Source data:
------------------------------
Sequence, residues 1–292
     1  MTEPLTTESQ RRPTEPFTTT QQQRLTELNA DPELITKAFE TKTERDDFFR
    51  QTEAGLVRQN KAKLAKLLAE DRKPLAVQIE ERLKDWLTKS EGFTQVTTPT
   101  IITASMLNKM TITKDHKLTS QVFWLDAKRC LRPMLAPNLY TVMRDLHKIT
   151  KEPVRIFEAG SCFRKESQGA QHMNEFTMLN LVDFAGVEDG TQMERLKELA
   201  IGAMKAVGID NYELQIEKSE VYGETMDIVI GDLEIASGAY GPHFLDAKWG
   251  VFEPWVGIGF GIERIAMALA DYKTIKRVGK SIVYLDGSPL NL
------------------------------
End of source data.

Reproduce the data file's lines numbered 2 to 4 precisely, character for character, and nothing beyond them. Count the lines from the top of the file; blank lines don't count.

     1  MTEPLTTESQ RRPTEPFTTT QQQRLTELNA DPELITKAFE TKTERDDFFR
    51  QTEAGLVRQN KAKLAKLLAE DRKPLAVQIE ERLKDWLTKS EGFTQVTTPT
   101  IITASMLNKM TITKDHKLTS QVFWLDAKRC LRPMLAPNLY TVMRDLHKIT